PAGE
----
Interview: Dana Ashbrook, Star of THE AGGRESSION SCALE and TWIN PEAKS

PrintE-mail Written by Chris Holt

Dana Ashbrook is an actor perhaps known best for his role as Twin Peaks' troubled quarterback Bobby Briggs. He began his career early, following in the footsteps of his sisters Daphne and Taylor Ashbrook with appearances in a number of TV shows. In 1990 he got his big break after being cast in David Lynch and Mark Frost’s seminal TV series.

Since Twin Peaks Ashbrook has racked up a number of roles in both film and television. His latest role as a put upon hit man in Steven C.Miller’s fantastic film The Aggression Scale is perhaps his best role in years. Whip thin and greying, Ashbrook cuts an impressively menacing figure throughout the film working again with Twin Peaks alum Ray Wise.

We got to grill the actor about The Aggression Scale as well as Twin Peaks, it was an enjoyably candid chat and Ashbrook has little in the way of pretension which made for an amusing interview…

*Warning – Minor spoilers for The Aggression Scale follow.

Starburst: Let’s talk about The Aggression Scale first, if we may - your role as Lloyd is one of the two pivotal performances in the film, how did you come to be involved?

Dana Ashbrook: Well they actually offered the movie to me, I was just kind of sitting around doing nothing and they came and gave me the script which I really liked. I was in New York and they were shooting the movie in Upstate New York so it wasn’t that far for me to go and it was great. I was looking at the part of either the husband or of Lloyd and I really responded to the part of Lloyd, it’s more fun to be the guy who is beating on people than the guy who is being beat up in general, just as a rule of thumb, and so when I talked to the makers on the phone they were great and it was one of the fastest things that I’ve done. We shot it so fast and it came out so good and was one of those things that could have gone either way.

What kind of preparation did you do for the role?

Well, y’know, I spent a few months being a hitman and all that but no I didn’t prepare that much. I got it a week before I went to the set so I just kind of developed the character on my own and did my own thing. The way I work is within the parameters of the script and then try and use my imagination, that’s how I prepared.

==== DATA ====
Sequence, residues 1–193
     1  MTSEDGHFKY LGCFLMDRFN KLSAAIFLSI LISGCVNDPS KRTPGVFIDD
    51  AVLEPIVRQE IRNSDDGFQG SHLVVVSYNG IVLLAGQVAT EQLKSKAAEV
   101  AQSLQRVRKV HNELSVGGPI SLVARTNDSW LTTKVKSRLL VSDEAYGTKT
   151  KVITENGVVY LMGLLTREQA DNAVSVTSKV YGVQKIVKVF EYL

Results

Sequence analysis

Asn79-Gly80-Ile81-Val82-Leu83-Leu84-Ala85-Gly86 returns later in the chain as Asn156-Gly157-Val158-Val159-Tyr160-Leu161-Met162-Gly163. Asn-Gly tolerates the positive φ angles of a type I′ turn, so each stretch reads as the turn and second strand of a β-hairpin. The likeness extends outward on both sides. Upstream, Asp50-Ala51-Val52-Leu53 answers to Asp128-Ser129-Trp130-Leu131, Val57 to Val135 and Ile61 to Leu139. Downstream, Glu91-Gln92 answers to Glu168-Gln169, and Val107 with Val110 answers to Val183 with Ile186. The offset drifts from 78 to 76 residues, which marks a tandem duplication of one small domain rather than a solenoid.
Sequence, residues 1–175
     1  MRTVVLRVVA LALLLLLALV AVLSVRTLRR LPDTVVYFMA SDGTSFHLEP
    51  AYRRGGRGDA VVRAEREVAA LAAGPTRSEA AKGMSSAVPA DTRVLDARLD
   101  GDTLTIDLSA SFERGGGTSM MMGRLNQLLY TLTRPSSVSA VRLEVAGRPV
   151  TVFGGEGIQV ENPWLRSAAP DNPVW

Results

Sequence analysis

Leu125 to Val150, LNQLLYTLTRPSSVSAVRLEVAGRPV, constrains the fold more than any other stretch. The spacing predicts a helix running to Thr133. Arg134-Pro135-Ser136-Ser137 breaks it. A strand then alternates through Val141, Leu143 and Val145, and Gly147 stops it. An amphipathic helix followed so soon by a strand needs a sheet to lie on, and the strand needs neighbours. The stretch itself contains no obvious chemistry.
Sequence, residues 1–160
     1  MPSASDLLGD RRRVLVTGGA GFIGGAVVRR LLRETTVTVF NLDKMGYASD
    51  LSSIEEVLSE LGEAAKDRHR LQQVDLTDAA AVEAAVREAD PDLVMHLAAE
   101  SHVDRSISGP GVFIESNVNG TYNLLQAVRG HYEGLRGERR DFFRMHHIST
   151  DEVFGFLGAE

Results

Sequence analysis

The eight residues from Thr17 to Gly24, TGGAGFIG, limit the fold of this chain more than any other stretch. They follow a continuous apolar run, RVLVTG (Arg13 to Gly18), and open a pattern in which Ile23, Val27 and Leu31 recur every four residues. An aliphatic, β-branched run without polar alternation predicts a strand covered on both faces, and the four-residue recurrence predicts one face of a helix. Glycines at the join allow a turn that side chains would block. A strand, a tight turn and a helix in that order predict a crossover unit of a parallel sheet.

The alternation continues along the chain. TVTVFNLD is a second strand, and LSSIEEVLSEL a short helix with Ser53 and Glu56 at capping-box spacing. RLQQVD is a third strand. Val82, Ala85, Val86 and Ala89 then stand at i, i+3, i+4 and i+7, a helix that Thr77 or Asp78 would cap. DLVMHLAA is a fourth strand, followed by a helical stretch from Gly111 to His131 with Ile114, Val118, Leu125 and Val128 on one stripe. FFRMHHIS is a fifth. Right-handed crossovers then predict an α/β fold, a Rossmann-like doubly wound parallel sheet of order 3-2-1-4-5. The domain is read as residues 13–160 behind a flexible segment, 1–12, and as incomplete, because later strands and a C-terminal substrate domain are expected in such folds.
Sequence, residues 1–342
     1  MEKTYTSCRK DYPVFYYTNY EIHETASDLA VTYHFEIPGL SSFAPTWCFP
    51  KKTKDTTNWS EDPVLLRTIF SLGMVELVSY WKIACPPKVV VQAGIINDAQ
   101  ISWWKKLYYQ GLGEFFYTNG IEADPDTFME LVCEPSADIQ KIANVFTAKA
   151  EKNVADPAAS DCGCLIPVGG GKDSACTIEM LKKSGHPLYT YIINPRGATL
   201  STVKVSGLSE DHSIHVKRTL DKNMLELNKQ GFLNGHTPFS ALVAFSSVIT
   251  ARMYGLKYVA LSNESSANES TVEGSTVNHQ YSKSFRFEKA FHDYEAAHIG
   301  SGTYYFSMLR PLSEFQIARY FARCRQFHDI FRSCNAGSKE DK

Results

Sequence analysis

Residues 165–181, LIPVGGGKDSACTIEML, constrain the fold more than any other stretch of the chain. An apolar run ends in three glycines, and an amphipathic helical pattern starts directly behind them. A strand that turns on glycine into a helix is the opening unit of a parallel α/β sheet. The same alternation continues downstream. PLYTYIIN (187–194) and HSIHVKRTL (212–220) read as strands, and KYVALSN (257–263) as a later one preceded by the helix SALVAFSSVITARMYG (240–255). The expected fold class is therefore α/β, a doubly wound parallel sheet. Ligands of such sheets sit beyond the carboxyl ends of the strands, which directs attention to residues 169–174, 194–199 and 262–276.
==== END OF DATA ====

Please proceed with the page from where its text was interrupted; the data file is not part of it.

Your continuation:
Apart from your role, there is the other major role of Owen (played by Ryan Hartwig) as this represents such a young kid doing such incredible acts of violence were you concerned going in at all? Was the screenplay darker at all than it ended up on screen?

Wow, y’know that’s really interesting, the first time I read it I remember telling my girlfriend that it seemed like Home Alone where this kid, instead of throwing paint cans, he’s into guns and ammo and making real booby traps and fucking guys up. That to me was interesting and I found it to be justified because they killed his dad; when someone kills your dad you can pretty much kill who you want right? At least in the movies (laughs). Yeah it is a violent movie; it starts off that way from the first scene. I steered clear of violent movies for a long time but it doesn’t bother me, If I go to a movie and there is violence then I can leave, know what I mean? I just saw Killer Joe, and it’s pretty violent against women man, I mean Gina Gershon takes a beating, at times in that I thought it was too much but it doesn’t offend me or anything as it’s art I guess.

One of the things that stood out for us watching The Aggression Scale was how confident everything about it was from the first frame onwards, the music and the editing just tell you this is going to an incredibly fun ride, how was it working with Steven C.Miller as director?

He’s great I think he is the reason it came out as good as it did. It was actually a pretty cool little group, it was a really small crew and we had the writer Ben (Powell) with us and we had a good producer Travis (Stevens) and also the people who were acting in the film. It was a really fast situation and it was shooting and moving very fast. I come from TV world so it wasn’t that big a deal to do a lot of pages (of script) a day but we were doing action sequences that fast and the guys were totally great. I trusted Steven as he had everything under control always from the first day I got there. The day I arrived was the day that Fabianne (Therese) put her hand through the window, I don’t know if you know that part of the movie? That really happened! She put her hand through the window and sliced her arm open so she had to play it out and they re-wrote the rest of the movie with her having this bandage on her arm. It was crazy and in a normal movie she probably would have been re-cast and it would have been re-shot but we just went with it (laughs). I credit Steven and Travis and that whole team that was working with it in making it good. These kind of movies they make tons of them, they make tons of genre movies that come out shitty, with a super low budget you never know, we just happened to have a cool script and there was a dynamic in there that was interesting and the fact that the girl was trying to work her own angle was kind of interesting. Yeah, it’s violent but it’s still got some cool twists and was still a cool movie.